• As the operational policy already acknowledges, because used vehicles entering or re-entering the New Zealand fleet all have their own histories relating to maintenance, usage, accident record, and component replacement, the Transport Agency requires greater assurance that any financial, personal, or professional interest in selling, or importing vehicles or vehicle parts, or repairing or modifying vehicles held by border inspectors or vehicle certifiers will not compromise standards of border inspection or entry certification. Entry certification for used light cars is assessed as requiring particular scrutiny given the high volume of such cars, vertical integration within the sector, and the high value to importers if repairs are avoided or damage not noted.
    • The Transport Agency received feedback that it should change its approach to assessing conflicts of interest relating to used vehicle entry certification. Some of this feedback focused on concerns relating to a specific case of a group of companies (owned by a holding company) which respectively import used vehicles, and carry out border inspection and entry certification for the same vehicles. This feedback indicated to the Agency that there was a higher level of vertical integration within the importation and entry certification industries than existed at the time the current policy was adopted. The Transport Agency was asked to reconsider its policy on whether an entry certifier should be able to certify vehicles that it has a financial or ownership interest in.
    • The Transport Agency has formed a view that the current approach may no longer be sufficient to eliminate improper conflicts of interest from used vehicle entry certification. The initial view which the Transport Agency is consulting with the industry on is that the Agency should no longer permit an inspection organisation to carry out entry certification activities for vehicles if that inspection organisation (or a related party):
      • has an ownership interest in the vehicles; or
      • has conducted border inspections for the vehicles.

    The proposed changes to the policy would clarify that in assessing these types of conflicts of interest, the Agency considers that they must be avoided rather than simply managed. This is because it may not be possible to eliminate the risk that these types of conflicts of interest could improperly affect (or appear to affect) vehicle entry certification decisions. Further there is a risk to public confidence in the regulation of the sector if vehicle entry certification is carried out by inspection organisations that have an ownership interest in the vehicles they are certifying.

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  • How would the proposed changes affect existing inspection organisations?

    The changes to the policy would be prospective, which means they will apply to future activities. Policy changes that relate to applications to carry out certification functions would apply to applications in the future (including applications for renewal), and would be reflected in any new deeds or notices of appointment. Whether such changes may affect an organisation during their existing term of appointment will depend on the terms of their deed or notice of appointment.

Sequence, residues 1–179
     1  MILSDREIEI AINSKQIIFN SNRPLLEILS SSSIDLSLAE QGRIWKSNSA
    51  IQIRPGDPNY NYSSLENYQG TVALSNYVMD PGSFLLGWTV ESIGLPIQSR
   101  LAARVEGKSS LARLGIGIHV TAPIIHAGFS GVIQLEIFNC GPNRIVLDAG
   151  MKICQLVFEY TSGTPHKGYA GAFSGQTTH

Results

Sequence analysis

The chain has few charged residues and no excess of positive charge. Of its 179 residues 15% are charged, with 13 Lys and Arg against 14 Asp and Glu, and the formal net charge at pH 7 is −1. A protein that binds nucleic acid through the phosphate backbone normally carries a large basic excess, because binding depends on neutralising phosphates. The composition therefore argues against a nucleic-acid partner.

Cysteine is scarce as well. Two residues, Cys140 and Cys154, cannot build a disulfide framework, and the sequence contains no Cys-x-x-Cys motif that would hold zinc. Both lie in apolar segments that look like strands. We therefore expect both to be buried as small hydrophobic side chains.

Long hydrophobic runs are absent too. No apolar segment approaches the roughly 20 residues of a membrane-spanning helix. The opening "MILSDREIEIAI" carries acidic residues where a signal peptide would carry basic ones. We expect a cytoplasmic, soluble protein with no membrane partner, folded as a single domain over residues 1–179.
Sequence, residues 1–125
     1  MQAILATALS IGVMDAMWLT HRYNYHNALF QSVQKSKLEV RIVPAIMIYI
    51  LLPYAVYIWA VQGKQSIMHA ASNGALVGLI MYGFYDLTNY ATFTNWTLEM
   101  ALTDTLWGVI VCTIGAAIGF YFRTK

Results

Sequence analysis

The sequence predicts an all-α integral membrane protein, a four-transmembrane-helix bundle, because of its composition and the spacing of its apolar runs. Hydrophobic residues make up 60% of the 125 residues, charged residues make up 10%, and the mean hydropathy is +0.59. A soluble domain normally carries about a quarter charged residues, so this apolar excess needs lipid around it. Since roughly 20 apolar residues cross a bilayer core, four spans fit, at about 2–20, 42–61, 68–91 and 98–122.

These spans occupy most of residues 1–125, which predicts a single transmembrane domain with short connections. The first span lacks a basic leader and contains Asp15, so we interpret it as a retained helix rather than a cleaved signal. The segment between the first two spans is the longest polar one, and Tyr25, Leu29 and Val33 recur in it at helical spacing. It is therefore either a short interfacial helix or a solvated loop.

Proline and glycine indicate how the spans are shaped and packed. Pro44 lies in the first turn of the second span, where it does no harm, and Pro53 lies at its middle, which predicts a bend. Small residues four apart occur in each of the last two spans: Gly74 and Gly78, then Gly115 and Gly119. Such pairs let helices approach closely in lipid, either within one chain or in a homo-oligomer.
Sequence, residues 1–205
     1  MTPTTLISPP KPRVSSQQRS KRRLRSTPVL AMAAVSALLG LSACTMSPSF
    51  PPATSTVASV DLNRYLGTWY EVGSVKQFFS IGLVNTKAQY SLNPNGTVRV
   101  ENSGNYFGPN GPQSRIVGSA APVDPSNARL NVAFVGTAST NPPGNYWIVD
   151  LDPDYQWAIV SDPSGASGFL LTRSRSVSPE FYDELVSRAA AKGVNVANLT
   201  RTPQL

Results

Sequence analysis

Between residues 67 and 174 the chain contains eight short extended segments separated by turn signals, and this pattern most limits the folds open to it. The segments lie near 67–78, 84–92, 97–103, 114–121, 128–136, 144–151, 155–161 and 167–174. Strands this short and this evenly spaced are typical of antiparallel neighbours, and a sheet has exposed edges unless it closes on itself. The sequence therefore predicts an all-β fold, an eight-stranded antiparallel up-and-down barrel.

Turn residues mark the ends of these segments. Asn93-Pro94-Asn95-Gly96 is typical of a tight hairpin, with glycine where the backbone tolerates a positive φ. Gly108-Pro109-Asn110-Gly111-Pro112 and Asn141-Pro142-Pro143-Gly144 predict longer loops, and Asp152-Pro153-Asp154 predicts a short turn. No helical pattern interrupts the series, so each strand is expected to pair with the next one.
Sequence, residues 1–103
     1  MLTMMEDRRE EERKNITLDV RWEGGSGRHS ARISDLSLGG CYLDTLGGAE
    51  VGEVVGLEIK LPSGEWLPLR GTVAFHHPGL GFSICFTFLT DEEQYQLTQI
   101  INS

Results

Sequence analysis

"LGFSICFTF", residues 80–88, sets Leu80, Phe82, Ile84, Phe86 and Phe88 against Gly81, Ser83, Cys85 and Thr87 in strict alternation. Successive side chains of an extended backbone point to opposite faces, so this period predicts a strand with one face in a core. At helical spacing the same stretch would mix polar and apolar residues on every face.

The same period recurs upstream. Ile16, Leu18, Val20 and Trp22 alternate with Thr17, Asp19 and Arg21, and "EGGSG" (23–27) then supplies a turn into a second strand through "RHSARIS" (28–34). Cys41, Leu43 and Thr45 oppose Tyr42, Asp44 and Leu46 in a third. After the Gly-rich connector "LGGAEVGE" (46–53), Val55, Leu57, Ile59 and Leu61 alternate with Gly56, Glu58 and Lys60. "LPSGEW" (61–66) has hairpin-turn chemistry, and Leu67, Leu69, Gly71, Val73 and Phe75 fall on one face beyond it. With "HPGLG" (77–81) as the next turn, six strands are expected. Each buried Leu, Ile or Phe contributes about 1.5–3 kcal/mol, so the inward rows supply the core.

The proposed changes to the policy would not prohibit an entry certifier, or a related entity, from importing used vehicles or carrying out border inspection services. Instead the changes would require that the entry certifier does not certify vehicles which it (or a parent or subsidiary) has an ownership interest in, or which it (or a related party) has conducted border inspection services for.

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Questions and answers – submission process

  • When would changes to the policy come into effect?

    We expect to announce the results of the consultation and any new policy between July and September 2019. We will confirm our announcement date at least one month in advance.

    We expect that any new policy would take effect from 31 December 2019, when the currently existing deeds and notices of appointment expire.

    The Transport Agency expects to call for and decide new appointment applications between October and November 2019. New appointments would be effective 31 December 2019. The Transport Agency will ensure that the reappointment process for certifiers is workable, sensible and takes into account the magnitude of any change.

    The indicative timeframes proposed by the Transport Agency are summarised below.

    Policy development Consultation closes 22 March 2019
    Submissions and impact analysis April – June 2019
    Further policy development based on submissions analysis
    Publish summary of submissions July – September 2019
    Announce policy changes (if any)
    Implementation Confirm appointment process for new deeds and notices of appointment, and impact of new policy (if any) September 2019
    Transport Agency seeks new appointments October 2019
    New appointments notified November 2019
    New appointments effective 31 December 2019
    New policy (if any) takes effect 31 December 2019

     

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  • How will you ensure commercially sensitive information remains confidential?

    Submissions closed on 22 March 2019. Your submission will be held by the Transport Agency under the Official Information Act 1982 and may become publicly available. If you reasonably identified information in your submission as confidential or commercially sensitive, the Transport Agency:

    • confirms that it will treat the information as confidential and so will not release the information voluntarily; and
    • confirms its understanding that your information likely can be withheld under sections 9(2)(ba)(i) and 9(2)(b)(ii) of the Official Information Act 1982.

    This also applies to any submissions presented verbally, so we will ask a submitter to clearly state when they are referring to confidential or commercially sensitive information during their submission presentation.

    Note that any decision of the Transport Agency to withhold your information under the Official Information Act 1982(external link) is subject to correction by the Ombudsman, who can require that the Transport Agency release your full information.